Australian Capital Territory could become Australia’s Silicon Valley of renewable energy

ACT pushes to expand its renewable energy industry  May 1, 2015 –  Reporter at The Canberra Times The ACT could become Australia’s Silicon Valley of renewable energy development and a test site for new logo-ARENAtechnology as it moves towards reaching its 90 per cent renewables target by 2020.

At the centrepiece of a new strategy to expand the renewable energy industry in the ACT is a $1.2 million Renewable Energy Innovation Fund collected from private companies as part of the government’s 200 megawatt wind auction. Continue reading

May 2, 2015 Posted by | ACT, energy | Leave a comment

Australian Capital Territory helps Victoria’s wind energy industry to get going

WIND-FARMCoonooer Bridge Wind Farm a renewable win for Victoria in dire environment, SMH April 28, 2015  Environment editor, The Age It’s been a torrid few years for renewable energy in Australia, with jobs being shed and investment drying up. The Victoria landscape has been no exception.

So it is perhaps to some state shame that one of the few recent Victorian projects to get the financial go-ahead has been backed by the Australian Capital Territory.

On Tuesday renewable energy firm Windlab​ announced it has signed a deal with a Japanese company for the final financing for a $50 million wind farm north-west of Bendigo, meaning construction will now begin mid-year.

The Coonooer​ Bridge Wind Farm will have a modest six turbines and generate up to 19.4 megawatts of power, enough for 14,000 homes It is one of three wind projects supported by the ACT government via feed-in-tariffs, with winning projects selected earlier this year through an auction. Company RES Australia was also backed to build a 80.5 megawatt wind farm near Ararat.

The auctions are part of the ACT’s goal to have 90 per cent of its electricity needs come from renewable power by 2020. Continue reading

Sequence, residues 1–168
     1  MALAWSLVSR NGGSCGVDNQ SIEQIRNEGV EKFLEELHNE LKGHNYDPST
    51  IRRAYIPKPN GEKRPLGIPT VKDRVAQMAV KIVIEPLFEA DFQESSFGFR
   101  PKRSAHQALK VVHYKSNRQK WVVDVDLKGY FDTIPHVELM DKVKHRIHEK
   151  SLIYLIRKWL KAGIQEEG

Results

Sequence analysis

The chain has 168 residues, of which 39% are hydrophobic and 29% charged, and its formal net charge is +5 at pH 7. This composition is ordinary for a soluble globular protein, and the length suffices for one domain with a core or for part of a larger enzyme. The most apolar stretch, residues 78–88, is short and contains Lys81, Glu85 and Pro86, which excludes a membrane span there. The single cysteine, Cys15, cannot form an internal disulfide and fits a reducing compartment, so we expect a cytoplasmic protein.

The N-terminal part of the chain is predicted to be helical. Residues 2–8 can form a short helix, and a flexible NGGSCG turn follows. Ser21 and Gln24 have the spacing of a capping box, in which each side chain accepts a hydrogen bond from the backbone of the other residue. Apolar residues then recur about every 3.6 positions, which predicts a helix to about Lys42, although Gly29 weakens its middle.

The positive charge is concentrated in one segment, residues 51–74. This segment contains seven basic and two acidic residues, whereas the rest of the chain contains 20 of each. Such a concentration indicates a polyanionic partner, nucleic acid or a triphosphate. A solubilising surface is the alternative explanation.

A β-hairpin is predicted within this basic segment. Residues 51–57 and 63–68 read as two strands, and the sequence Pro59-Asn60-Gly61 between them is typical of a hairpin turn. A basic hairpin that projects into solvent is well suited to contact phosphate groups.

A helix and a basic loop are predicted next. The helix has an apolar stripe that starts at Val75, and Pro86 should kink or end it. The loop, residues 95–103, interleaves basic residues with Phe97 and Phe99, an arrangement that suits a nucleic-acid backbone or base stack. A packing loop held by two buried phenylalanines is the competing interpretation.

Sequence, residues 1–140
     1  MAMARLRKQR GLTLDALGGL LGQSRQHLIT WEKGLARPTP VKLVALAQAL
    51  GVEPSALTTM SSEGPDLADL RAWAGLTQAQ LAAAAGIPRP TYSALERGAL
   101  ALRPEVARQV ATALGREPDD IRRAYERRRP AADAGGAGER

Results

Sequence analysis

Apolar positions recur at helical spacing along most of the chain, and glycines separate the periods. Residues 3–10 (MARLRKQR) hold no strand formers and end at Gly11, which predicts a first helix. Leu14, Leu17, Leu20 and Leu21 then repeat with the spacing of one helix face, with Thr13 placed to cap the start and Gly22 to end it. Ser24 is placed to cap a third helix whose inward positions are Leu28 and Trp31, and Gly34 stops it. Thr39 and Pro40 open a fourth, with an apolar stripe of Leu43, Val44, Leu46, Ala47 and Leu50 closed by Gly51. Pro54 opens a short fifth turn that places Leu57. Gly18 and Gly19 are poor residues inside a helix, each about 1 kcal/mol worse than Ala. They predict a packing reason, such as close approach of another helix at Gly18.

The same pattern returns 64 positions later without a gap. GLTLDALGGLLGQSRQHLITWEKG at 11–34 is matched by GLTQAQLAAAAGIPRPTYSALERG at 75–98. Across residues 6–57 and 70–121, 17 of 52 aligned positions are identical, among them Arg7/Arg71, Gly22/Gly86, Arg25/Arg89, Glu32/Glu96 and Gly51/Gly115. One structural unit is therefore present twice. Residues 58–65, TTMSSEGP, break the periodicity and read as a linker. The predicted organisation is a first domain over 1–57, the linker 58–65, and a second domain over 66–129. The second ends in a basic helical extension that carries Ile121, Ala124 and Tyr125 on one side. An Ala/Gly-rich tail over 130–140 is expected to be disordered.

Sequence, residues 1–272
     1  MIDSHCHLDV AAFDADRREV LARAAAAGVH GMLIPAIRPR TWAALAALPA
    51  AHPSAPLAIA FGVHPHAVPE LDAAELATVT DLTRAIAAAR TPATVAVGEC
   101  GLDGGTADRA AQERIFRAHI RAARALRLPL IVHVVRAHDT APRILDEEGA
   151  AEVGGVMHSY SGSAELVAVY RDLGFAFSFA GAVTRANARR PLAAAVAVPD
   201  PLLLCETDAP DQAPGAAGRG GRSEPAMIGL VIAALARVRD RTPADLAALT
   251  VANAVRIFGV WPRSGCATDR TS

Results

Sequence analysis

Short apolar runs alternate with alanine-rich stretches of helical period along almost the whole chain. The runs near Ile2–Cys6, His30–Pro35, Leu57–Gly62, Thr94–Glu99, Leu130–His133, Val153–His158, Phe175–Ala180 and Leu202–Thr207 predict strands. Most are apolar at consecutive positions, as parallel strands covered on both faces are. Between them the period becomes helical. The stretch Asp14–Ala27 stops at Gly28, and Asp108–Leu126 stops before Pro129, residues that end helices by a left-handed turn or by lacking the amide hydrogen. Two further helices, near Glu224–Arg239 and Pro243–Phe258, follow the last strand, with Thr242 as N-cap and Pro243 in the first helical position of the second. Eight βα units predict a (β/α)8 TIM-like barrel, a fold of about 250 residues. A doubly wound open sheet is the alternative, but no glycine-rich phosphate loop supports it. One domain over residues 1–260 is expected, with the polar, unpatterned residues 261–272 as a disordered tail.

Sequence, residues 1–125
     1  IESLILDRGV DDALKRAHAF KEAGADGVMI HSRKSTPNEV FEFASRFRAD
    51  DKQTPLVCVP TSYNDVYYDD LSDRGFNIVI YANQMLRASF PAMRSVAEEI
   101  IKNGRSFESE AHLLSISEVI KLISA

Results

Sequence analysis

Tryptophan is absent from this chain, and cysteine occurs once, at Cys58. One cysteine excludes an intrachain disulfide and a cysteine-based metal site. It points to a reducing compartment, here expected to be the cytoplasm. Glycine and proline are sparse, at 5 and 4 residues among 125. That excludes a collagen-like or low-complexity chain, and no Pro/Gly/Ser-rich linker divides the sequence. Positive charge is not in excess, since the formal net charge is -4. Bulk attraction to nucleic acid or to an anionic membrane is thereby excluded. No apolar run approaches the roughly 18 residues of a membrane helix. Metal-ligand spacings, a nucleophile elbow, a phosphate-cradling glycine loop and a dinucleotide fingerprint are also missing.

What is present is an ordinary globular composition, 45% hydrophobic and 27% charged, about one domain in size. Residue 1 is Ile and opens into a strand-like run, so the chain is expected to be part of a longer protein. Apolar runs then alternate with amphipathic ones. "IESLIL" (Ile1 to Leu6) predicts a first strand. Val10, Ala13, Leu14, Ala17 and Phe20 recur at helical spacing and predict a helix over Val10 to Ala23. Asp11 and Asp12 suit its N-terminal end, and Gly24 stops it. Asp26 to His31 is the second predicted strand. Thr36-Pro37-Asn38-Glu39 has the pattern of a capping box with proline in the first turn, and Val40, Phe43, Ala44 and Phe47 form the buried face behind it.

April 30, 2015 Posted by | ACT, Victoria, wind | Leave a comment

Professor Penny Sackett points to Australian Capital Territory’s leadership on Climate Change

climate-changeSustainability Symposium: World to learn from Canberra’s climate change policy April 16, 2015   Reporter at The Canberra Times Canberra is a world leader when it comes to climate-change policy, but Australia is still not doing enough to tackle the problem, former chief scientist Professor Penny Sackett says.

Professor Sackett, now deputy chair of the ACT Climate Change Council and an adjunct professor for the ANU’s Climate Change Institute, will join Nobel laureate Professor Brian Schmidt, and ACT Environment Minister Simon Corbell at a climate change symposium bringing together about 12 Nobel Prize winners in Hong Kong from April 23.

She said Australia wasn’t the only country that had to catch up with its cities leading the way on climate change.

The invitation extended to Mr Corbell to address the international symposium’s policy challenge session was evidence of Canberra’s reputation as a world leader tackling climate change, Professor Sackett said.

“People are recognising how Canberra is not only stepping up with ambitious targets … but actually already on its way to meeting them,” she said. “I would really love to see the country I live in … do all it can for climate change and I don’t think we are there yet.”……